There are more than 163 million orphans around the world. Orphan Outreach is working to improve the lives of orphans and at-risk children in Guatemala, Honduras, India, Kenya, Latvia, Russia and the United States through early intervention, quality education and evangelism.
UNICEF estimates that are more than 370,000 orphans in Guatemala. Many of these children come from families facing tremendous poverty; 70 percent of people in Guatemala live below the poverty level. Orphan Outreach serves children in extreme poverty situations in Guatemala by partnering with local orphanages, churches, and Christian schools. We make it a priority to work alongside Guatemalan nationals as they serve their own children. Orphan Outreach provides support and brings mission teams to our programs in Guatemala. Read below to learn more about our programs. Click here to view our educational and community programs in Guatemala.
Honduras is one of the poorest countries in Latin America with nearly two thirds of the nation's population living below the poverty line. UNICEF estimates there are over 170,000 orphans in Honduras. Orphan Outreach ministers in Honduras by partnering with local orphanages, churches, and Christian schools for children in extreme poverty situations. We also make it a priority to come alongside the Honduran nationals and work with them as they serve their own people. Our primary project is partnering with the AFE (Love, Faith and Hope) school that serves children and families working at the dump in Tegucigalpa. Read below to learn more about our Honduras partner programs. Click here to view our educational programs in Honduras.
The needs in India are overwhelming. India has approximately three times the population of the United States living in one third of the space. Introduce intense poverty, famine, drought, natural disasters, and AIDS, and you have a recipe for tragedy and most significantly, vulnerable children. India has the largest number of estimated orphans and vulnerable children in the world — 31 million. In addition, 60,000 children a year are born with HIV in India and that number continues to significantly increase. Orphan Outreach makes it a priority to come alongside Indian nationals and work with them as they serve their own people. Orphan Outreach provides vital support for several important projects in India. Read below to learn more about our India partner programs. Click here to learn more about our programs in India.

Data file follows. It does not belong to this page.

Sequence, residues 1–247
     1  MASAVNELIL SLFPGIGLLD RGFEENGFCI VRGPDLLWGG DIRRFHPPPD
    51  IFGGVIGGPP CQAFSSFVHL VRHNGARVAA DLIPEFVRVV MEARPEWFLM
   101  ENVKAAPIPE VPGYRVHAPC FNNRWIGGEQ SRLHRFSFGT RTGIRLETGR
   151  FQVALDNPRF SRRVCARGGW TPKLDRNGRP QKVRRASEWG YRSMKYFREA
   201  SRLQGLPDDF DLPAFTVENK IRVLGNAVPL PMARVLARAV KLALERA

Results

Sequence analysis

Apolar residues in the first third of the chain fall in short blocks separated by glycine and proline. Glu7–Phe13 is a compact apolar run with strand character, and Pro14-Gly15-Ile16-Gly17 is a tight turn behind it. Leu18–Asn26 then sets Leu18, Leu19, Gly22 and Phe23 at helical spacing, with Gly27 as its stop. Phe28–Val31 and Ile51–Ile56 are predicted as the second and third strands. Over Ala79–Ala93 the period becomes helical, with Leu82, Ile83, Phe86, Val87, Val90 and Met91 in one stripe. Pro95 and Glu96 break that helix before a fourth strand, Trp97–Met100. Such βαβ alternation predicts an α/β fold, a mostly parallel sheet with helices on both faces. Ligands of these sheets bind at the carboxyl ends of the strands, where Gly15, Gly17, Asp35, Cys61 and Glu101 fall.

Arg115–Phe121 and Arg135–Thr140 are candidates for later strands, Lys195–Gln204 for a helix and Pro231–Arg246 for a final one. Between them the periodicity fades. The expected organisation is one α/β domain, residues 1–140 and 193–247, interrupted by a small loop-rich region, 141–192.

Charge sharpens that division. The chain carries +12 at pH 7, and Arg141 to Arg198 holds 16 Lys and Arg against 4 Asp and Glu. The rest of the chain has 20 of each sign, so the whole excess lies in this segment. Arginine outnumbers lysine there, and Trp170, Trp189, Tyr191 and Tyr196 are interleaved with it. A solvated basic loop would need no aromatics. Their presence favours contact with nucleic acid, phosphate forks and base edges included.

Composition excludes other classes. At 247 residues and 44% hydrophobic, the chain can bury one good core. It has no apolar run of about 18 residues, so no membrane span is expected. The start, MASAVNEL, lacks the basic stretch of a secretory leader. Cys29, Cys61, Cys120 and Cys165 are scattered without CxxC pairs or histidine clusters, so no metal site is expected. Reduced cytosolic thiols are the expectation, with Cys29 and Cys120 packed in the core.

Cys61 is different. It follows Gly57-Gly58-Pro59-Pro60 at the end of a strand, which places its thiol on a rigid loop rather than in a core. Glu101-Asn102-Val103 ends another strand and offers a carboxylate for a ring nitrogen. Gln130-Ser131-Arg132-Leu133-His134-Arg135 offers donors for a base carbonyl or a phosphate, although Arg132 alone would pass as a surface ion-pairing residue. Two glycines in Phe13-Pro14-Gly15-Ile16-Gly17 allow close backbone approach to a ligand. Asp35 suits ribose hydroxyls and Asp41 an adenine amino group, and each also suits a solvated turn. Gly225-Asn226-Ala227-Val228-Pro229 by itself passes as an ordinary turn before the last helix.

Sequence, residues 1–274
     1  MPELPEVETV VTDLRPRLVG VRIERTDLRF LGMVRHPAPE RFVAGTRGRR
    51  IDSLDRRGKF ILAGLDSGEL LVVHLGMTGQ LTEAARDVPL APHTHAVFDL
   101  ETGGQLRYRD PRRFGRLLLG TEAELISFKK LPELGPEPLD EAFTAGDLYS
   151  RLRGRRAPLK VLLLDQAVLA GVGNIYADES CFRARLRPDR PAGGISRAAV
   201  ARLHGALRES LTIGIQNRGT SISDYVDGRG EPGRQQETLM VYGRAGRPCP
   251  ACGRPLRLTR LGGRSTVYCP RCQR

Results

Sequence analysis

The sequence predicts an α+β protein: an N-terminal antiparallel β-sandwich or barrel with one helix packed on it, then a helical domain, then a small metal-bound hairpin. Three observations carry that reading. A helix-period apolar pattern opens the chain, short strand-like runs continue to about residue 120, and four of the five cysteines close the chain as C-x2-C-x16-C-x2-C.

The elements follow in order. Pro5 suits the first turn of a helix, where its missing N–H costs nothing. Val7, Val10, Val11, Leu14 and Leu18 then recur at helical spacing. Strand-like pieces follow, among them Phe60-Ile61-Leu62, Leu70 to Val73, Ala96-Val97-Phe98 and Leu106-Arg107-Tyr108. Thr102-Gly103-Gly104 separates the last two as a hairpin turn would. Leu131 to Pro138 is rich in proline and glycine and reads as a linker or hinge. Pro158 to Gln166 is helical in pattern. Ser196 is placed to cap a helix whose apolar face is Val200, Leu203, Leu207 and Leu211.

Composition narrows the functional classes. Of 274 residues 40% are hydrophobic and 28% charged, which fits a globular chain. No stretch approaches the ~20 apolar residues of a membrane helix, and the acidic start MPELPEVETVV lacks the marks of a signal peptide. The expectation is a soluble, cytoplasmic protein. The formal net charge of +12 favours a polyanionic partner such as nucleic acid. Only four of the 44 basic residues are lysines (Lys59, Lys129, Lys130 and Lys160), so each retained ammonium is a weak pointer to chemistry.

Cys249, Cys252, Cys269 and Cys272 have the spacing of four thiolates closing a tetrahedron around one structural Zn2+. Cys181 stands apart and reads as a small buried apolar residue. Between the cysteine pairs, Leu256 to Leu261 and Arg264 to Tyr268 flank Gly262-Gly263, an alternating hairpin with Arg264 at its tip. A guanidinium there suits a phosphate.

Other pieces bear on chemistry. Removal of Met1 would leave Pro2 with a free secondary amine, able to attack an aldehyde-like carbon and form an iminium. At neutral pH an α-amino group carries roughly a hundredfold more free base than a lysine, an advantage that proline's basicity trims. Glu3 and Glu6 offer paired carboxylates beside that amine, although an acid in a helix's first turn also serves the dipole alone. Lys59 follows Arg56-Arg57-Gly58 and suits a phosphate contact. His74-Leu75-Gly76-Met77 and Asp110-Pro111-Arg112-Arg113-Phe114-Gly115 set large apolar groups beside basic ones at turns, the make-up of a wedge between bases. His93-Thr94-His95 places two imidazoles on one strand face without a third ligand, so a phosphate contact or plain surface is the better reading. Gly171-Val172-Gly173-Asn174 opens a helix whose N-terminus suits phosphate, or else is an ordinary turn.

More than a half of Kenya’s population lives below the poverty line, on less than one US dollar a day. The most vulnerable are families and children living in the urban slums, in the arid lands of northern Kenya and in areas of the country worst affected by HIV. These are also the areas with high child mortality and low enrollment in school. UNICEF reports that out of an estimated 2.4 million orphans and vulnerable children in need of care and support, about 1.2 million are believed to be due to rising AIDS mortality. Orphan Outreach’s ministry in Kenya began with a vision trip in the fall of 2012. Orphan Outreach’s primary current project is partnering with a school in Bungoma, an impoverished, rural town in northwest Kenya. In addition, Orphan Outreach is providing for urgent needs and humanitarian aid to several schools and orphanages serving children that reside in the worst slums of Nairobi. Click here to learn more about our programs in Kenya.